It is one of the best titles to come out from DC in a long time and it gives a fresh look into the psyches of their two heavy lifters, Batman and Superman. Aptly titled Batman/Superman (or Superman/Batman, not really sure since they use a Superman symbol inside a giant bat), this series, started by comic book veterans Jeph Loeb and Ed McGuinness five years ago, has seen some of the most interesting situations the Dark Knight and Man of Steel have ever been thrown in. From alternative universes to Lex Luthor’s presidency, Batman/Superman never has a dull moment while the limits of the DC Universe’s logic are always pushed to the limits.

Because of the success of this series’ run, DC Animation felt it would be prudent to strike while the iron was hot. Considering that the storyboards were already in place for the most part since this story was to have been done on Cartoon Network before the Justice League series was cancelled, it only needed minor tweaking to turn what would have been a two or three episode arc for the half hour cartoon into a full 67-minute feature.

Thus, we have Batman/Superman: Public Enemies. Following the story arc where Lex Luthor is president and puts a bounty out on the heads of our two favorite heroes, Public Enemies is a testament to DC Animation when they get it right.

This cartoon was the comic come to life. There were some parts cut out like the Superman from Earth-2’s visit, but they were all for the sake of keeping the story crisp and free of clutter. I understand that, but when the movie is only 67 minutes, would 10 more minutes of animated story straight from the comic killed you? The animation style looked just like the drawings from the comic and having veteran voice actors reprise their roles from previous DC cartoons like Kevin Conroy as Batman, Tim Daly as Superman, and Clancy Brown as Lex Luthor made fanboys everywhere jump for joy.

The only real problem I had with the cartoon was that it didn’t depict the motivations of our heroes nor did it say why they interact with each other the way they do like in the comics. Of course, the lack of thought bubbles is a problem when taking something from a comic, but it is such an integral part of the comic that Public Enemies doesn’t feel as deep as it should. With the uniqueness of the relationship between Batman and Superman being a large part of the book, it made the cartoon feel a little empty without being able to properly depict that.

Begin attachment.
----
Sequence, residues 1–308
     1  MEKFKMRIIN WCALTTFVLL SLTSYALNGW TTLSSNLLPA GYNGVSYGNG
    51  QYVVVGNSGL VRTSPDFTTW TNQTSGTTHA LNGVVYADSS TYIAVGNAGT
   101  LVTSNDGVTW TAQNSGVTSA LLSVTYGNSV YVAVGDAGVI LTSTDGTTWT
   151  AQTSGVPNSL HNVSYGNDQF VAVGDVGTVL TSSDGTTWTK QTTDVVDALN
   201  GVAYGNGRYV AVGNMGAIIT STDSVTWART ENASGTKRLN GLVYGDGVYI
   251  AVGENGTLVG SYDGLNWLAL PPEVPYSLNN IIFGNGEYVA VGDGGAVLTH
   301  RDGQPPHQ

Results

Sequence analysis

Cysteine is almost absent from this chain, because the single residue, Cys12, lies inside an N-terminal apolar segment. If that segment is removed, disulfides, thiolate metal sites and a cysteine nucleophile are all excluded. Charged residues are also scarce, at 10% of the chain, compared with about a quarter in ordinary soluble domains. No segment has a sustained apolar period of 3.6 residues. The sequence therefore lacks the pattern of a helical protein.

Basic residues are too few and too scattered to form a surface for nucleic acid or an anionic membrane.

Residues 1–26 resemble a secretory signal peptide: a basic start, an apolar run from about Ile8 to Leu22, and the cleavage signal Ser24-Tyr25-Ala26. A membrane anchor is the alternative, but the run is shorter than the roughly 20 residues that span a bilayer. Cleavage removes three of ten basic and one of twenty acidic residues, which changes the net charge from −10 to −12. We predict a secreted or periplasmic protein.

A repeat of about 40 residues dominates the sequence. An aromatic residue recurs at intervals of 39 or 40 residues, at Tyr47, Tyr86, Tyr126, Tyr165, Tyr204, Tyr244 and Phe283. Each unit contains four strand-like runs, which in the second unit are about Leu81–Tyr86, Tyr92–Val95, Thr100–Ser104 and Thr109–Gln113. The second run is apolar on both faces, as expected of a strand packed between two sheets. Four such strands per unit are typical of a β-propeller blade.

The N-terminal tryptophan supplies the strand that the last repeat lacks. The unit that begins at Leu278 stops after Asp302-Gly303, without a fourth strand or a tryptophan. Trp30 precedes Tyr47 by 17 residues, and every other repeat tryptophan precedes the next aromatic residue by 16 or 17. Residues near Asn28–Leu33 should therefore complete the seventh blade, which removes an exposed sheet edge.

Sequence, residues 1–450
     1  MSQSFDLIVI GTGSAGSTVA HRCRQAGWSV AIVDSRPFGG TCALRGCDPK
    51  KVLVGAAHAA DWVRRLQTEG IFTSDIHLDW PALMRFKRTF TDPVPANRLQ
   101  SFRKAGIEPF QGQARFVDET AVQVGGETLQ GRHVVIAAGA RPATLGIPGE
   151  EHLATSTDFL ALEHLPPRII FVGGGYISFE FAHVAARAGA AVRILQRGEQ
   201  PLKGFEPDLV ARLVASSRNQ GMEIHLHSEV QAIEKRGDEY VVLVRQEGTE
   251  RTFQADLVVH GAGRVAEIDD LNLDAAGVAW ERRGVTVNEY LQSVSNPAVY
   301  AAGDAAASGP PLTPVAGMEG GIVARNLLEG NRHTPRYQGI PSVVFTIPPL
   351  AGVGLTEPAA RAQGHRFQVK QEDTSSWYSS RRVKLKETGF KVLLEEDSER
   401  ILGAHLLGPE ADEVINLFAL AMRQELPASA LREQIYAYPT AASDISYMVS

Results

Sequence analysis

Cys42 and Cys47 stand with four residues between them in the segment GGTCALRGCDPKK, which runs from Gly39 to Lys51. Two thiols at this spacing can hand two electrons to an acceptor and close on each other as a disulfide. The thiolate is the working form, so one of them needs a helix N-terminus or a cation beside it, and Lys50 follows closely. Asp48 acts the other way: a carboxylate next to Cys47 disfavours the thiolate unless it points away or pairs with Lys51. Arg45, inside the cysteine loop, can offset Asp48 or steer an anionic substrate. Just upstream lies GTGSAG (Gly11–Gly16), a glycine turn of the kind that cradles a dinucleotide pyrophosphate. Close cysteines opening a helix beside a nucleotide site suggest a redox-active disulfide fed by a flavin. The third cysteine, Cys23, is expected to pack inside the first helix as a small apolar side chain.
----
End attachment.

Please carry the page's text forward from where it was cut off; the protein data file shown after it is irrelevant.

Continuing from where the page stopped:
Also, the scene that was added where Luthor makes out with Amanda Waller was grossly unnecessary. With everything else that was cut to keep the story as streamlined as possible, that addition made no sense.

When you consider the awesome special features for the 2-disc special addition (that also comes with a sweet Batman figurine!) including a sit down with Andrea Romano (casting director for DC Animation), Bruce Timm (executive producer), and Kevin Conroy (voice of Batman), and two Adventures of Superman cartoon episodes from the late 90s and the $19.99 price tag seems well worth it.

Minor character development problems aside, this was an awesome movie and the special features make it all the more worth it. Include the great voice acting and animation and this is a must buy for any DC Comics fan.

Batman/Superman: Public Enemies gets a 4 out of 5.

-Ray Carsillo

Originally Published: April 21, 2009, on 1050ESPN.com (now ESPNNewYork.com) and Lundberg.me

Watchmen is easily one of the most influential comics to ever be published. This is a fact that cannot be disputed even by the staunchest of critics of the comics. One of the things that made it great were the addendums at the end of each chapter to flesh out the characters of this fictional Earth and their society’s problems. It was also one of the reasons why many speculated it would be impossible to make it into a movie.

Well, here we are two months after the motion picture’s release without any of the addendums included and many, myself included, thought it was spectacular.

However, many diehards of the franchise were furious that Zack Snyder couldn’t find a way to fit in several of the addendums and many newcomers to the series couldn’t understand every facet of the Watchmen reality without them.

In response to their fans and in a stroke of money-making genius, DC has released an animated feature of Tales of the Black Freighter with the DVD including a live-action feature representing the Under the Hood addendum.

This DVD addendum to the movie (that started as addendums to the novel) is a near-perfect representation of these stories within the story.

The first story, Tales of the Black Freighter, is the response to the comic’s quandary: “If there are superheroes in real-life for these people, what would their comics be like?” Not a common thought when developing a plot, but that’s part of the beauty of Watchmen. The answer to this question was pirates and the supernatural (ghouls, demons, etc.) would populate the pages of these fictional rags.